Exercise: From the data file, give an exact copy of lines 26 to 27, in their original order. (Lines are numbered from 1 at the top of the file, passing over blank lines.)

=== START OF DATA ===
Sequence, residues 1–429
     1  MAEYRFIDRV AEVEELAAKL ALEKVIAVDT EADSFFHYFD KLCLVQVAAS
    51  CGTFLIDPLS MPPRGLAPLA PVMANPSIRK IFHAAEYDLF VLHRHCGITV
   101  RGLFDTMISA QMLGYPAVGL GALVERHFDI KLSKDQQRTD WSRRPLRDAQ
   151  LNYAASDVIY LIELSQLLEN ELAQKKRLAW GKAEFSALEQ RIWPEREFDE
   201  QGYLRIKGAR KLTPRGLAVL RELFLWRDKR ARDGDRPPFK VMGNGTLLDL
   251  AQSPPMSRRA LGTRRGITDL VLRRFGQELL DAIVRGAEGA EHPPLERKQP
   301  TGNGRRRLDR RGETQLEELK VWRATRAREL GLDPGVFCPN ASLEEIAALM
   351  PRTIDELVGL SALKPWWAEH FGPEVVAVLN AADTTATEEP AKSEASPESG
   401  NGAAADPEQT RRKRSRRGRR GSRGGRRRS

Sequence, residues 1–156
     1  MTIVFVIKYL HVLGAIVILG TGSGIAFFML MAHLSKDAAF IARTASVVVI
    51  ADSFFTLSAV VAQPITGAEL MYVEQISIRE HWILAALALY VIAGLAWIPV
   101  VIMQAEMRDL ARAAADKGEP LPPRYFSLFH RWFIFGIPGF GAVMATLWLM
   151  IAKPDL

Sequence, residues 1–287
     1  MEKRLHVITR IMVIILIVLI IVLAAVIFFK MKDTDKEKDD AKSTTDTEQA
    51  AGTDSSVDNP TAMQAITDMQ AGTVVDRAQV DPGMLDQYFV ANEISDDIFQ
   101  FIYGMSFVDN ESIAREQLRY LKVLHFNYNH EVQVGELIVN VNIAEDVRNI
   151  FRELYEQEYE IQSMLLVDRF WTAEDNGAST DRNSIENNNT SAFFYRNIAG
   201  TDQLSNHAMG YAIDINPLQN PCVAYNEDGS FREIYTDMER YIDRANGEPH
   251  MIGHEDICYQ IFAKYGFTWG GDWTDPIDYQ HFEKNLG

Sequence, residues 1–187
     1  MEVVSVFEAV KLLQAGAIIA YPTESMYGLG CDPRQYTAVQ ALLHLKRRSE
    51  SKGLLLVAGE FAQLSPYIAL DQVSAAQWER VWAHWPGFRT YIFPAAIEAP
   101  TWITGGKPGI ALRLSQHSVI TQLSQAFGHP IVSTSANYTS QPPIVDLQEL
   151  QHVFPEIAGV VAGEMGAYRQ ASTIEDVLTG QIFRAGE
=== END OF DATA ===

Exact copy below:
   101  TWITGGKPGI ALRLSQHSVI TQLSQAFGHP IVSTSANYTS QPPIVDLQEL
   151  QHVFPEIAGV VAGEMGAYRQ ASTIEDVLTG QIFRAGE